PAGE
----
Gold ETF Flows: March 2024

Outflows narrowed in March



  • Outflows from global gold ETFs continued in March, but at a much slower pace than previous months as North American and Asian inflows cushioned European losses. 
  • While collective holdings fell further (-14t), total AUM in global gold ETFs rose by 8% thanks to a stronger gold price.
  • Low-cost ETFs lost US$469mn in March: North American inflows (+US$128m) were outpaced by European outflows (-US$594mn).
  • During the first quarter global gold ETF outflows piled up to US$6.5bn, led by North America and Europe while Asia attracted the largest inflows. Low-cost funds saw outflows of US$893mn in Q1, mainly driven by Europe (-US$728mn).

March in review

Global physically backed gold ETFs1  witnessed their tenth consecutive monthly outflow in March, losing US$823mn.2  But by comparison this is far less than February outflows (-US$2.9bn) and the average of the past nine months (-US$2.4bn). Collective holdings fell by 14t to 3,112t by the end of March, the lowest since February 2020 and 21% lower than the month-end record of 3,915t in October 2020. However, helped by a jump in the gold price, total assets under management (AUM) rose to US$222bn, an 8% increase during the month, the highest in 21 months.3  

All regions except Europe saw inflows in March. Flows in North America flipped back to positive for the first time in 2024. Asia and the Other region also capped inflows. But these were offset by European losses. 

March regional overview

North American funds saw a turnaround in March, adding US$360mn. Inflows were mainly driven by activities in the options market: the gold price rally triggered exercises of in-the-money calls in mid-March, creating sizable inflows. Meanwhile, the market viewed the US Federal Reserve’s March comments as dovish, spurring further inflows around the time of the Fed’s meeting as yields and the dollar both lowered.4 Nonetheless, demand would have been stronger if investors didn’t sell their holdings in early and late March, taking advantage of gold price advancements. 

March narrowed North American funds’ y-t-d outflows to US$4.3bn. Nonetheless, it remains the region with the largest outflows in Q1. Large and liquid funds suffered the heaviest losses during the period. But supported by a strong gold price the region’s total AUM rose to US$112bn, the highest since June 2022.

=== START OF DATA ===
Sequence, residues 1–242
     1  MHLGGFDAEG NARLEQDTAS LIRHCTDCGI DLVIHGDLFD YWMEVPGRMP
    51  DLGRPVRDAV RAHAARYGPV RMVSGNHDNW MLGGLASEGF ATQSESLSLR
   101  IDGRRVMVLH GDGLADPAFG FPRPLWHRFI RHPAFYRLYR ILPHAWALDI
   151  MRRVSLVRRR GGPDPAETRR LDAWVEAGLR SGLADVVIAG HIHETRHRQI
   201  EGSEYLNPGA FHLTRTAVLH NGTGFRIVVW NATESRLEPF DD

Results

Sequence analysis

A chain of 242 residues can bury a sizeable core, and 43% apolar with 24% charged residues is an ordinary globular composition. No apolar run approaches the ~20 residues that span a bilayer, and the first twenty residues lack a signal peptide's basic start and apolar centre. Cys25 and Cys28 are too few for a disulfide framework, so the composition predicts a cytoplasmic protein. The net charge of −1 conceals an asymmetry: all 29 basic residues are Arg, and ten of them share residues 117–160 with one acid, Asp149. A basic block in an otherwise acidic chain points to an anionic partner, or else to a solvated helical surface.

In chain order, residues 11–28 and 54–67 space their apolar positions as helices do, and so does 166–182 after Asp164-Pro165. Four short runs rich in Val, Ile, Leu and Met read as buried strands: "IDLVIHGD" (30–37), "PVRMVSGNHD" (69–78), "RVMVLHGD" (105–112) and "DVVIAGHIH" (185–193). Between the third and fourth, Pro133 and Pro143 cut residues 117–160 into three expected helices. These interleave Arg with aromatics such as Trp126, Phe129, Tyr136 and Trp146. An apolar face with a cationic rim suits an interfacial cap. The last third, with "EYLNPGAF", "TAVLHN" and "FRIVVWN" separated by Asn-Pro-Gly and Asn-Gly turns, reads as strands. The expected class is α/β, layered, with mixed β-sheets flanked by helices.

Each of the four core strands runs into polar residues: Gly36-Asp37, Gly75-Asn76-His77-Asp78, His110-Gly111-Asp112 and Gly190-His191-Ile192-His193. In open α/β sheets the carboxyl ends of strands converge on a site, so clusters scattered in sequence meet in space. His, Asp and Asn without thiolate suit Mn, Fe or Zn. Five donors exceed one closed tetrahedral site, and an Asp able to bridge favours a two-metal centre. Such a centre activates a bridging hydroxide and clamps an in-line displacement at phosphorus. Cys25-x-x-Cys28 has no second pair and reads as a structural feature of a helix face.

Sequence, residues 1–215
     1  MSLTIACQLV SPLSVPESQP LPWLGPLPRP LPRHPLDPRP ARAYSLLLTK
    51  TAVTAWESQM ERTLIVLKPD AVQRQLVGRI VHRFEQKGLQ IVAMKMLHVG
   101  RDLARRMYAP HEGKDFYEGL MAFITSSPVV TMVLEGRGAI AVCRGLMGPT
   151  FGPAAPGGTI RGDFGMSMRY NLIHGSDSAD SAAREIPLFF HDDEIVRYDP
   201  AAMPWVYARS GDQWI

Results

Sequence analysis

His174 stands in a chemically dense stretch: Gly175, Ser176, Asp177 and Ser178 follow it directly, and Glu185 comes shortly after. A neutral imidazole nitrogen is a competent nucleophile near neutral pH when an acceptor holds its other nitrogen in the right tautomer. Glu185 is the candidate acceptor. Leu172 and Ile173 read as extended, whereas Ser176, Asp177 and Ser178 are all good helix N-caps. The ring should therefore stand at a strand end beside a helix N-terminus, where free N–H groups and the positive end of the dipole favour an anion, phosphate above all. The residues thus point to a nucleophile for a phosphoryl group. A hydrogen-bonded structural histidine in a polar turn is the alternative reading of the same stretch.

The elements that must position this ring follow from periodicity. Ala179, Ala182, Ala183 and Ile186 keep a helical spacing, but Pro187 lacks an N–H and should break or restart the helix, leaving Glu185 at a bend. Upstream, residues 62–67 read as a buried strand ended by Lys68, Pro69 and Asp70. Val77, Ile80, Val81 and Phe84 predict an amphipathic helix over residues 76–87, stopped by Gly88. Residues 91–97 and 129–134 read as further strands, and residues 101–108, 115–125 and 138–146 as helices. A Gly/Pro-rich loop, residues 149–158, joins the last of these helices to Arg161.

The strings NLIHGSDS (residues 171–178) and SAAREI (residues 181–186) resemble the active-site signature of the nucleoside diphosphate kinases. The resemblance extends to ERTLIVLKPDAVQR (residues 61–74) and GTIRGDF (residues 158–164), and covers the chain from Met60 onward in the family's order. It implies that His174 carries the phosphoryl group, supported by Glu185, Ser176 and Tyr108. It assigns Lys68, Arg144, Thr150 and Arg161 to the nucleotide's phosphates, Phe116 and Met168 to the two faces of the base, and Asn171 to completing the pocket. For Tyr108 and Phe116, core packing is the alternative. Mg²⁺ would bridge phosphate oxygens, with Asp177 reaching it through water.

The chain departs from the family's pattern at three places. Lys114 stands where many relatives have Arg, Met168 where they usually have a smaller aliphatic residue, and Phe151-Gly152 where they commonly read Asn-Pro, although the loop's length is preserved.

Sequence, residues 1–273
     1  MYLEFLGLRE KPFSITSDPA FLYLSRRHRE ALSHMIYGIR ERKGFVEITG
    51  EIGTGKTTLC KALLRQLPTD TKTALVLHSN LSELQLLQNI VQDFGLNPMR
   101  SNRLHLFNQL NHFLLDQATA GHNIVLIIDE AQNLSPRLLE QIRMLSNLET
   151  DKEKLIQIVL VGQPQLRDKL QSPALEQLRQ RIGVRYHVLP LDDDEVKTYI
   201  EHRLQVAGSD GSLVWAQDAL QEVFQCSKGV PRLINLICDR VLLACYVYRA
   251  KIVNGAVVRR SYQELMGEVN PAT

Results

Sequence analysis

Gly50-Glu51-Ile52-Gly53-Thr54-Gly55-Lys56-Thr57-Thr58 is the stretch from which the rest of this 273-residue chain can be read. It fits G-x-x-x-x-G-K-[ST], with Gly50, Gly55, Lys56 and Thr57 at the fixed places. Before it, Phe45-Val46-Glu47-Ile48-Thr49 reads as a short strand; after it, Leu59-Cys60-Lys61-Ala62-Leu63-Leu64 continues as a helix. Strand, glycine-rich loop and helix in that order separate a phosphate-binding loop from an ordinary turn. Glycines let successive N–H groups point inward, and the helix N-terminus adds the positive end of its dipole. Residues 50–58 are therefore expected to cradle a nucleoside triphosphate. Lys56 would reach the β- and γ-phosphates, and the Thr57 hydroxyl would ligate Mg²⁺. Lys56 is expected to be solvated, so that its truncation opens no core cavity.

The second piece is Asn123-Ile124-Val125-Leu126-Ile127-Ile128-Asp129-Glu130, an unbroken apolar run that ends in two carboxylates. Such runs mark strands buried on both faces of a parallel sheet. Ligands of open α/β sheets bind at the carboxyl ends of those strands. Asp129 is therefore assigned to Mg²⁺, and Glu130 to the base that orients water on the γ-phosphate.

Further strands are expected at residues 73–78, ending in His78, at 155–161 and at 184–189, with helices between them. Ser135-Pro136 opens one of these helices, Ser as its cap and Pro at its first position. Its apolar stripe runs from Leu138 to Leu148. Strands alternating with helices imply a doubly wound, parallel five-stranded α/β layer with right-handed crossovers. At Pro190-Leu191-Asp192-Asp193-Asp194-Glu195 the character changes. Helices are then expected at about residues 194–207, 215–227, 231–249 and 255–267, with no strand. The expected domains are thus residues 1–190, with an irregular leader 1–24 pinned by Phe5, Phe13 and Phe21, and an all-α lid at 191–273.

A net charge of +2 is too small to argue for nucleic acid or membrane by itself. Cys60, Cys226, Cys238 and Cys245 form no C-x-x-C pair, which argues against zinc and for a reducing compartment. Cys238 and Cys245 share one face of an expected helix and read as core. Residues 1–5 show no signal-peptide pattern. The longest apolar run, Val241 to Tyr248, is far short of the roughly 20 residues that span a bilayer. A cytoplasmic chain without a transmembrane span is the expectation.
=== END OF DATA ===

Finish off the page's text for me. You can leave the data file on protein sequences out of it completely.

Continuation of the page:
March marked the tenth consecutive monthly outflow from European funds (-US$1.4bn). The UK accounted for the bulk of the loss despite the Bank of England’s dovish tilt in its March meeting, which led to lower government bond yields and a weaker pound.5 Taking a closer look, although scattered inflows were evident when the gold price surged, outflows emerged when gold’s momentum paused – likely due to profit-taking activities. And as major central banks – including the European Central Bank and the Swiss National Bank – edged towards or actually started rate cuts, investor risk appetite improved and interest in gold diminished.6  

Gold ETF demand in Germany improved further, attracting inflows for the first time in 5 months. As noted previously, the worsening economic conditions may have pushed up local investor safe-haven demand.7 

European funds have seen outflows of US$2.9bn so far in 2024. While collective holdings dropped to the lowest in 51 months, total AUM rose by 6.4% during the quarter in the face of a higher gold price. The UK, Switzerland and Germany lost the most in Q1.

Asia registered non-stop inflows for the 13th month, attracting US$217mn in March. China once again led inflows as the local gold price rally attracted investors. Japan also recorded positive flows. Asian funds led global inflows in Q1 2024 by adding US$678mn, a 7% rise in holdings and a 14% jump in AUM, again boosted by a higher gold price. The Other region saw a mild US$23mn gain in March, leading to a US$7mn inflow y-t-d.


Gold ETF flows

Data as of

Demand captures changes in global/regional gold holdings; fund flows capture the net amount of money (in USD) that comes in or out of gold ETFs globally/regionally. See methodology note.

Gold market trading volumes rose in March

Trading activities across global gold markets increased in March, averaging US$222mn per day, 51% higher m/m. The over-the-counter (OTC) market volume rose by 25% to US$120bn/day, and trading activities in London and Shanghai both rose significantly in value and tonnage terms. Volumes jumped at all major exchanges (+103% m/m), led by the COMEX (+96%) and the Shanghai Future Exchange (+133%). And turnovers in tonnage terms also surged as the gold price rally grabbed the attention of tactical traders. While global gold ETFs continued to see outflows, trading volumes improved notably (+39%) in the month.

Total net longs at COMEX surged to 679t as of March, a 232t m/m increase – the largest in 12 months. Money manager net longs rose by 278t to 491t by the end of the month, the highest month-end level since February 2022. This was driven by a jump in longs and a plunge in shorts as the gold price surge pushed investors to take part in the action.8  


  1. We define gold ETFs as regulated securities that hold gold in physical form. These include open-ended funds traded on regulated exchanges and other regulated products such as closed-end funds and mutual funds. A complete list is included in the gold ETF section of

  2. We track gold ETF assets in two ways: the quantity of gold they hold, generally measured in tonnes, and the equivalent value of those holdings in US dollars (AUM). We also monitor how these fund assets change through time by looking at two key metrics: demand and fund flows. For more details, see our ETF methodology note.

  3. Based on the LBMA Gold Price PM

  4. Based on net longs on 26 March 2024.